Reliability and Validity of Autism Diagnostic Interview-Revised, Japanese Version
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To examine the inter-rater reliability of Autism Diagnostic Interview-Revised, Japanese Version (ADI-R-JV), the authors recruited 51 individuals aged 3–19 years, interviewed by two independent raters. Subsequently, to assess the discriminant and diagnostic validity of ADI-R-JV, the authors investigated 317 individuals aged 2–19 years, who were divided into three diagnostic groups as follows: autistic disorder (AD), pervasive developmental disorder not otherwise specified, and other psychiatric diagnosis or no diagnosis, according to the consensus clinical diagnosis. As regards inter-rater reliability, intraclass correlation coefficients of greater than 0.80 were obtained for all three domains of ADI-R-JV. As regards discriminant validity, the mean scores of the three domains was significantly higher in individuals with AD than in those of other diagnostic groups. As regards diagnostic validity, sensitivity and specificity for correctly diagnosing AD were 0.92 and 0.89, respectively, but sensitivity was 0.55 for individuals younger than 5 years. Specificity was consistently high regardless of age and intelligence. ADI-R-JV was shown to be a reliable tool, and has sufficient discriminant validity and satisfactory diagnostic validity for correctly diagnosing AD, although the diagnostic validity appeared to be compromised with respect to the diagnosis of younger individuals.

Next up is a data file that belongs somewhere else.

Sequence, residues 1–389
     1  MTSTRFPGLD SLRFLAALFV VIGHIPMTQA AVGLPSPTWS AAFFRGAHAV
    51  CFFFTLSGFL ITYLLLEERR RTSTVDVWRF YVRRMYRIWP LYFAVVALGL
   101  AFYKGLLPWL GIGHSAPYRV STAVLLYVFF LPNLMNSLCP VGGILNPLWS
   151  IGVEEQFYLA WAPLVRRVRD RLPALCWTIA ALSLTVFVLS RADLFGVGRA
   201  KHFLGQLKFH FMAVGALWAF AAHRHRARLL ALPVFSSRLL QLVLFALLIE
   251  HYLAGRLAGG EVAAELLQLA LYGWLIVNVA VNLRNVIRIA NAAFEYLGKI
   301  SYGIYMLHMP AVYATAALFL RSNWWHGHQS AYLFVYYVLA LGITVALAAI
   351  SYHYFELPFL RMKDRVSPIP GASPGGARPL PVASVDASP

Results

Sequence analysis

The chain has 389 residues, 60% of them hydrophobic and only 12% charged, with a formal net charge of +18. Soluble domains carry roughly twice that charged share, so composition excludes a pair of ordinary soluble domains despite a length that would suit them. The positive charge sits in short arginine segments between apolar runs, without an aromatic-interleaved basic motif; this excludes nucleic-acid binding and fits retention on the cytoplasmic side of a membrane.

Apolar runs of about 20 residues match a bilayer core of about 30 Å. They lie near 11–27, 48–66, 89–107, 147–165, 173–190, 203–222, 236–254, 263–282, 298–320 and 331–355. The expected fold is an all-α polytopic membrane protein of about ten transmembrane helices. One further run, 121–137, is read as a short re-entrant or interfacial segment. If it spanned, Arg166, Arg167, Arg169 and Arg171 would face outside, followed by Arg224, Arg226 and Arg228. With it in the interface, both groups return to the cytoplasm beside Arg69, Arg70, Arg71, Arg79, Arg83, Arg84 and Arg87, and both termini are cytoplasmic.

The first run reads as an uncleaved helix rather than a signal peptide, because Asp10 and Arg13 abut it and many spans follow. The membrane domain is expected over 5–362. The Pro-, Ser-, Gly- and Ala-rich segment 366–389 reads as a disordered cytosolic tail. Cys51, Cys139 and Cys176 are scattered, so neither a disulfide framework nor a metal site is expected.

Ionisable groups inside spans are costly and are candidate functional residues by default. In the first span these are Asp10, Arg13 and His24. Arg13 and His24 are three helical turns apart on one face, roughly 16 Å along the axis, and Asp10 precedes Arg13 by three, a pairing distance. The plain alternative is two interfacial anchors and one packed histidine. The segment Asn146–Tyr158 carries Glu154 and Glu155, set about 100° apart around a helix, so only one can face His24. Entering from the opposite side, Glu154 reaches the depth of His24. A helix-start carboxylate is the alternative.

KeywordsAutism ADI-R Reliability Validity Japan
Declaration of interest: None of the authors have any conflict of interest to declare. The authors thank Dr. Masahiro Oshima, M.D., for recruiting children with ASD. Funding of this study was provided by a Research Grant from the Ministry of Health, Labour and Welfare of Japan (H20-KOKORO-004: K.J. Tsuchiya, Y. Kamio), by a grant for the National Center for Child Health and Development (21S-3: K. J. Tsuchiya), by the Pfizer Health Research Fund (K. Matsumoto), and by Grants-in-Aid for Scientific Research from the Ministry of Education, Culture, Sports, Science and Technology of Japan (A) (No. 20591396: N. Takei). These funding sources had no role in the study design; in the collection, analysis and interpretation of the data; in the writing of the report; or in the decision to submit the paper for publication.
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